WHAT MICKELSON WANTS MOST

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Nothing would please Phil Mickelson more than to win next month’s United States Open – and for at least two good reasons.

Nothing would please Phil Mickelson more than to win next month’s United States Open – and for at least two good reasons.
It would be his first major since linking up with Tiger Woods’ former coach Butch Harmon and it would also give him the chance to expunge for ever his nightmare finish in the event a year ago.
More than anything, it was Mickelson’s wild drive and closing double bogey at Winged Foot after he had stood on the tee one ahead and in sight of a third successive major triumph that led to his parting company with Rick Smith last month.
So far under Harmon the left-hander has played twice and been third twice – encouraging signs.
But even if Oakmont in five weeks’ time proves a big letdown, Tom Lehman, Mickelson’s Ryder Cup captain last September, believes smooth swinging left-hander shouldn’t allow that to phase him and that there should be no rush to make a judgment on the 36-year-old’s attempts to reignite his career.
“Phil should have four or five really good years ahead of him,” said Lehman.
“Butch brings with him three things – great knowledge, great attitude and a bit of history.
“He knows the game and all the intangibles. Everybody needs to find what works best for them and sometimes a change is good.
“Everyone goes through peaks and troughs and Phil is all about enthusiasm – as Jack Nicklaus was. It’s almost like it’s down to biorhythms. There are times when you really want to work and times when you just can’t get going.”
Mickelson has described his Ryder Cup performance – scoring just half a point from all five sessions in the record-equalling defeat – as every bit as disappointing as his US Open self-destruction, but it was no surprise to some.
After Winged Foot he did not manage another top-10 finish all year and his inner drive was such that he did not even play another tournament after returning home from Europe.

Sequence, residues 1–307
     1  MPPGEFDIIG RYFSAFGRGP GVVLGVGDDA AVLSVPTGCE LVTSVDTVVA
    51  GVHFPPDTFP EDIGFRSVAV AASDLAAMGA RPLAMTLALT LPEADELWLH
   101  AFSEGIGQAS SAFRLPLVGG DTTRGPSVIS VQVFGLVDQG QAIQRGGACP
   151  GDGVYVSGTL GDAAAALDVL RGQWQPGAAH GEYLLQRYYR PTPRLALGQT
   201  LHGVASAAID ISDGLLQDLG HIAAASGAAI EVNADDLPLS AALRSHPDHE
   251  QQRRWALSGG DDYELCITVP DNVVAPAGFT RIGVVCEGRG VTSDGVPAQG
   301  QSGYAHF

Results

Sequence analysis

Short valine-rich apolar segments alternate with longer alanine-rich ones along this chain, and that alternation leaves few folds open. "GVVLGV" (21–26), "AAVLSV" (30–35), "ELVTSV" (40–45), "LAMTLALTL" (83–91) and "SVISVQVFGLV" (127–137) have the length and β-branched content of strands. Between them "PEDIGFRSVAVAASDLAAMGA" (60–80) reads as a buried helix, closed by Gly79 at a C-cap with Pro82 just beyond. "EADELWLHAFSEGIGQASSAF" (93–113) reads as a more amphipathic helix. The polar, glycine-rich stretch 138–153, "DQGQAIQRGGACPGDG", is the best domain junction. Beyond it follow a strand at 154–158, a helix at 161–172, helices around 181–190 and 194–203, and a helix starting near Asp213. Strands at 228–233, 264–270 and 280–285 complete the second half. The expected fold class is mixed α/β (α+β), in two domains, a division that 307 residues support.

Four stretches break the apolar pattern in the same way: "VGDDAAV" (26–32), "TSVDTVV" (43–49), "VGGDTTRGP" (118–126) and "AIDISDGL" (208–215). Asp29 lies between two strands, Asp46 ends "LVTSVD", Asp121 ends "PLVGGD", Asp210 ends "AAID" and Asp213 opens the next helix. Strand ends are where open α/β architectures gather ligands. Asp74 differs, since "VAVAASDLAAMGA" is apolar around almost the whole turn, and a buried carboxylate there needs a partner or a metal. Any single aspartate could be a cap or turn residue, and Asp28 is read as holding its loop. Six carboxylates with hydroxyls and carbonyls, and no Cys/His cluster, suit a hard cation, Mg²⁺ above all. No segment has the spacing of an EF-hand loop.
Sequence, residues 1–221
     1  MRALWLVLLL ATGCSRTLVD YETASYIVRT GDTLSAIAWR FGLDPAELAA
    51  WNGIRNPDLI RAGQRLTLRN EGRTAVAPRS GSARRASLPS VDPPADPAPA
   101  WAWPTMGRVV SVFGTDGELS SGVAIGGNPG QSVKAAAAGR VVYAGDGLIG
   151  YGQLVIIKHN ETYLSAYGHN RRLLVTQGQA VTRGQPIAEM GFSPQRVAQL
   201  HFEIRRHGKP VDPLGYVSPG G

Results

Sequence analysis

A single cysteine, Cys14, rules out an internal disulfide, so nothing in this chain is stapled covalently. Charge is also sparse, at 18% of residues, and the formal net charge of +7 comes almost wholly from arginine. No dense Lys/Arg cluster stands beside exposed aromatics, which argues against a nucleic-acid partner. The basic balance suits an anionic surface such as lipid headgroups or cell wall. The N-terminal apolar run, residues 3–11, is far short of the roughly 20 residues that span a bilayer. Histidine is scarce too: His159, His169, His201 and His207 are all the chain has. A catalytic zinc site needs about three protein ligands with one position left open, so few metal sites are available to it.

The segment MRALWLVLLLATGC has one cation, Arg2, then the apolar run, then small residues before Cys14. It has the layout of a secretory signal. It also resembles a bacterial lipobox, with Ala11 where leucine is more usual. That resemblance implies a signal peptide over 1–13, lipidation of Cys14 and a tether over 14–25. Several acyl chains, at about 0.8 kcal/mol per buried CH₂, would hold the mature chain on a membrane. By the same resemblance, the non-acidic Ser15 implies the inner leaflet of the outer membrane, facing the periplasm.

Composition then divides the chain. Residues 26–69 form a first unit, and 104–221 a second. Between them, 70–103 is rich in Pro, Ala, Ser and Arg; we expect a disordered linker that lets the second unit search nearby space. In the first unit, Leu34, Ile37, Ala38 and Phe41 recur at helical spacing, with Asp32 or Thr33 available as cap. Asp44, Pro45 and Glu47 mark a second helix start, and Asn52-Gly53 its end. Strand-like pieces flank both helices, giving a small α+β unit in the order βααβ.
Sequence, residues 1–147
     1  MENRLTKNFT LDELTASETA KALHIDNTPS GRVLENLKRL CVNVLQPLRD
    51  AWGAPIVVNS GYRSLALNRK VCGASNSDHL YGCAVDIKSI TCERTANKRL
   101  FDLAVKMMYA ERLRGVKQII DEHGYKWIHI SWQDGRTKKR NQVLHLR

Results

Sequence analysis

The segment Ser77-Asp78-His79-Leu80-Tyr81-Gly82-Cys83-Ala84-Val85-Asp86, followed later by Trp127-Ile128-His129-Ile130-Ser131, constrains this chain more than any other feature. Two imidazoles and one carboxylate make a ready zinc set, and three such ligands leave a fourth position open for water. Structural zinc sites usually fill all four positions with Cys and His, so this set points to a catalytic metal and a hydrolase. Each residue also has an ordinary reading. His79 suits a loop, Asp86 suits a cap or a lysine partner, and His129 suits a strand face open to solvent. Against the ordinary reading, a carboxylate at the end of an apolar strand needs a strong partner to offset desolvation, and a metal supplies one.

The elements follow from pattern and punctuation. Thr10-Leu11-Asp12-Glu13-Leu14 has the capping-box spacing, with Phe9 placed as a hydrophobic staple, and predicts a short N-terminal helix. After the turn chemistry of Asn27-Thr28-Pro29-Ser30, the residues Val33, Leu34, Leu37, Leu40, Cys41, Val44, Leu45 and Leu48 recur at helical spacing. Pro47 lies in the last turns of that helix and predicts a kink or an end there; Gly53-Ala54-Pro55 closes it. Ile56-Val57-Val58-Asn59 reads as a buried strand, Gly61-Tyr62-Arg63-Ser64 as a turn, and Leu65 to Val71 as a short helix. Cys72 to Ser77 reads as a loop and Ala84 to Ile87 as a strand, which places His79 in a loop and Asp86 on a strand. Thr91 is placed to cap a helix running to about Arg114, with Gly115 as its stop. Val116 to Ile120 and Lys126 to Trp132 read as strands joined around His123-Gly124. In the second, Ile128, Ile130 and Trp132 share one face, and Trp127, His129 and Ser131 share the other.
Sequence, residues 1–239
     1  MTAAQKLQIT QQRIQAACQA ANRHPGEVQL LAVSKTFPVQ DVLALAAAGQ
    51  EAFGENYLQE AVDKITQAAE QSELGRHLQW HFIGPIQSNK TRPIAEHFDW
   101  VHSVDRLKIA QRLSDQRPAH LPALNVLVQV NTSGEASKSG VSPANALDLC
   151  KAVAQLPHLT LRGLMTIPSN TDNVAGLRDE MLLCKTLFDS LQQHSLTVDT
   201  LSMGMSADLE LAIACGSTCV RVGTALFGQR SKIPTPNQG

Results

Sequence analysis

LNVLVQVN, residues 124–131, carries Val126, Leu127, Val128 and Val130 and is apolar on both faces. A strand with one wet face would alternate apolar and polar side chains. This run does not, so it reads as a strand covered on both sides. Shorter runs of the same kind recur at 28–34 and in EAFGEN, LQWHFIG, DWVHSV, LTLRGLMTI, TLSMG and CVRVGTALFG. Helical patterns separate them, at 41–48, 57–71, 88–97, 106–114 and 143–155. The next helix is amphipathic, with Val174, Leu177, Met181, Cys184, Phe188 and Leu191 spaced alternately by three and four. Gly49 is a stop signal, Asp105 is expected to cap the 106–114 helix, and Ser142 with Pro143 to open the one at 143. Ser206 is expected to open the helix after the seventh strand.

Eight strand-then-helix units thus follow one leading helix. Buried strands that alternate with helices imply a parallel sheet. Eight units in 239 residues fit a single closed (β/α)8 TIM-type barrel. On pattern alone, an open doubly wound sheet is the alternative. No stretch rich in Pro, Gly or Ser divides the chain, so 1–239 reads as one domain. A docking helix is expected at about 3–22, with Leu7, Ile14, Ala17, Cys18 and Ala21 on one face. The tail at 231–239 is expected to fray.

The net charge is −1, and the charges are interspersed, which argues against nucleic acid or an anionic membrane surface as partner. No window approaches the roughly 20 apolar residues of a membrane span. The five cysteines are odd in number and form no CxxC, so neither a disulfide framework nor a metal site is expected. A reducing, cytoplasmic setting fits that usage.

Gradually, though, the batteries were recharged and he felt ready to put in the necessary hours – first on his physical condition, then on the mechanics of his game. And that is where Harmon came in.
The 63-year-old, son of 1948 Masters champion Claude Harmon, briefly played the US Tour from 1969-71, winning the Broome County Open in his last season, but then concentrated on coaching like his brothers Craig and Bill.
He can certainly tell Mickelson all about Winged Foot if ever they go back there because that is where his father was head professional and he can certainly also tell him all about the golf swing because few understand it better. In 2003 he was ranked the top golf teacher in the United States in a poll of his peers.
Harmon worked with Greg Norman as he climbed to the world number one spot and he then formed with Woods a partnership that brought eight majors, including the “Tiger Slam” of all four in a row, before they split in 2002.
“We had a great time together. I saw the greatest golf I’ve ever seen in my life out of one person with him in 2000, something we may never see again,” he said.
But Harmon moved on and had no fewer than seven clients at the Masters three years after the split –
Adam Scott, Fred Couples, Stewart Cink, Justin Leonard, Darren Clarke, Jose Maria Olazabal and Steve Flesch.
“I don’t charge any of them, that way I’m the boss,” he commented.
“I tell them at the end of the year if they feel they’ve had a good year, they can write me a cheque. If they don’t want to that’s fine too.”
Woods, who began working with Hank Haney, had to wait almost three years for his next major win after the split, but after it came at the 2005 Masters three more quickly followed, taking him to second place in the all-time list with 12.
Mickelson is on three, but as Lehman says: “There are lots of players who should have asterisks against their names (to show they competed in the Tiger Woods era). How many majors would Ernie Els have won, for example?”
What total Harmon can take Mickelson to remains to be seen. And how long he is with him remains to be seen too.
“I always tell my students in my golf school this,” Harmon commented once. “The best thing about you coming here is that when you play badly you can blame me.
“Don’t feel like you’re going to hurt my feelings because I took two players to number one in the world and they both fired me!”
Mickelson says, though, that he is excited about what the future may hold.
“His knowledge of the game and the golf swing and his ability to identify faults and give the cure right away is probably what makes Butch – as well as many other top teachers, Rick Smith and Hank Haney and David Leadbetter and Jim McLean.
“All those guys have a great eye for the golf swing and can pick those things out. Each one has a different view, kind of a different point of view and all of those things.
“It’s going to be a learning process. It’s more than just a swing change, it’s understanding what allows the ball to go straighter and so forth and how to do it. It’ll take me a little time.
“We’re only a few weeks in. You’ve got to give me a chance.”
From Mark Garrod, PA Sport Golf Correspondent

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